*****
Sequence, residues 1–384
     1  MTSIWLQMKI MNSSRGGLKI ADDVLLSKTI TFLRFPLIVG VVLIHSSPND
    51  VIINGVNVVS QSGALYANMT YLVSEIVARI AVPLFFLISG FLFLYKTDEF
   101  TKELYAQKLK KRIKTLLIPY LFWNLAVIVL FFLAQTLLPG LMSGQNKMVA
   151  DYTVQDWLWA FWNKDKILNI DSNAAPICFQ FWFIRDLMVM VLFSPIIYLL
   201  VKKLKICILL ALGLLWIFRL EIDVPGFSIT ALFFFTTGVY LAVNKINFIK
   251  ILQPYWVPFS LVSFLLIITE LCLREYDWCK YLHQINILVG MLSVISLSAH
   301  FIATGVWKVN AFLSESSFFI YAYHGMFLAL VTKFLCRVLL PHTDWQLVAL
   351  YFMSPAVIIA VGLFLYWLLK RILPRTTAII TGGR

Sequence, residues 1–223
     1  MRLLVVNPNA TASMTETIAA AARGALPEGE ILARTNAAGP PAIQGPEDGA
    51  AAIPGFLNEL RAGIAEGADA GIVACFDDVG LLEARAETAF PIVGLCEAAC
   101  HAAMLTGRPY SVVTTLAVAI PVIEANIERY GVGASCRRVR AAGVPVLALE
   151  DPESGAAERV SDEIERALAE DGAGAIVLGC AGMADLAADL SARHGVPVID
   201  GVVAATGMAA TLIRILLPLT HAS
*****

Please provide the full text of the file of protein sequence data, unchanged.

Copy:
Sequence, residues 1–384
     1  MTSIWLQMKI MNSSRGGLKI ADDVLLSKTI TFLRFPLIVG VVLIHSSPND
    51  VIINGVNVVS QSGALYANMT YLVSEIVARI AVPLFFLISG FLFLYKTDEF
   101  TKELYAQKLK KRIKTLLIPY LFWNLAVIVL FFLAQTLLPG LMSGQNKMVA
   151  DYTVQDWLWA FWNKDKILNI DSNAAPICFQ FWFIRDLMVM VLFSPIIYLL
   201  VKKLKICILL ALGLLWIFRL EIDVPGFSIT ALFFFTTGVY LAVNKINFIK
   251  ILQPYWVPFS LVSFLLIITE LCLREYDWCK YLHQINILVG MLSVISLSAH
   301  FIATGVWKVN AFLSESSFFI YAYHGMFLAL VTKFLCRVLL PHTDWQLVAL
   351  YFMSPAVIIA VGLFLYWLLK RILPRTTAII TGGR

Sequence, residues 1–223
     1  MRLLVVNPNA TASMTETIAA AARGALPEGE ILARTNAAGP PAIQGPEDGA
    51  AAIPGFLNEL RAGIAEGADA GIVACFDDVG LLEARAETAF PIVGLCEAAC
   101  HAAMLTGRPY SVVTTLAVAI PVIEANIERY GVGASCRRVR AAGVPVLALE
   151  DPESGAAERV SDEIERALAE DGAGAIVLGC AGMADLAADL SARHGVPVID
   201  GVVAATGMAA TLIRILLPLT HAS